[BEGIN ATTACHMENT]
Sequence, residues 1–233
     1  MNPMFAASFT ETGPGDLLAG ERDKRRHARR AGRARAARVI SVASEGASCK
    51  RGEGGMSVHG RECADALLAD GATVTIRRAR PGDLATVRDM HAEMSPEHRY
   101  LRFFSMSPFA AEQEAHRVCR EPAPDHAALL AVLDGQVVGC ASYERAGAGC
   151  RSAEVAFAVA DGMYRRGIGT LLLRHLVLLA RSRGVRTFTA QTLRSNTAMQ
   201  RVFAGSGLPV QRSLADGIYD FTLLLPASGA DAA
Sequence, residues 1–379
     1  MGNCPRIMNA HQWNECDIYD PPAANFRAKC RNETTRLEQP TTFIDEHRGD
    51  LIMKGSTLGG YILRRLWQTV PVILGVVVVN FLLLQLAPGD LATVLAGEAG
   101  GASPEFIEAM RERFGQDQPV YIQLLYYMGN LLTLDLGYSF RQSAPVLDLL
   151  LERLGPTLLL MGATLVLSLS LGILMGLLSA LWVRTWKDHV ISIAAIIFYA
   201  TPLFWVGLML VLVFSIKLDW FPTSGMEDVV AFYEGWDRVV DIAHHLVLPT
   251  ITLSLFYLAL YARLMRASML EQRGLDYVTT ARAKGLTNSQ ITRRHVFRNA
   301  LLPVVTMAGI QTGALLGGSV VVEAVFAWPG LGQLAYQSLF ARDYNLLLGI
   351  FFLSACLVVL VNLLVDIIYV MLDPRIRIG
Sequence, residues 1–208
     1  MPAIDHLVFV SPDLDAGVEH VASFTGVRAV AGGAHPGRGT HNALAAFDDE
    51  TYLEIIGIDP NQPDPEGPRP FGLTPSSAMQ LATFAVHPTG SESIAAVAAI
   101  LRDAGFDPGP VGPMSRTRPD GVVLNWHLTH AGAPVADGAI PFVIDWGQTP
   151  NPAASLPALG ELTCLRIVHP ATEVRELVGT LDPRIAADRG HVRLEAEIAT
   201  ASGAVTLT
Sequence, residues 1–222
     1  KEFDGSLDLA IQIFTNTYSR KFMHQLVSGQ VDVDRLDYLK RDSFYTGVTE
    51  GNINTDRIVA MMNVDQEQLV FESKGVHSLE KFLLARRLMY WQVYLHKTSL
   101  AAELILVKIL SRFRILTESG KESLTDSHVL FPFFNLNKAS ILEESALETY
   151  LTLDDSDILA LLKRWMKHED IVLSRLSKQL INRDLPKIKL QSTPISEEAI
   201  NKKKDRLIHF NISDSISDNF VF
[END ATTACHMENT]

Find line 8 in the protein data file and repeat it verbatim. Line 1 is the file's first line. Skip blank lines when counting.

     1  MGNCPRIMNA HQWNECDIYD PPAANFRAKC RNETTRLEQP TTFIDEHRGD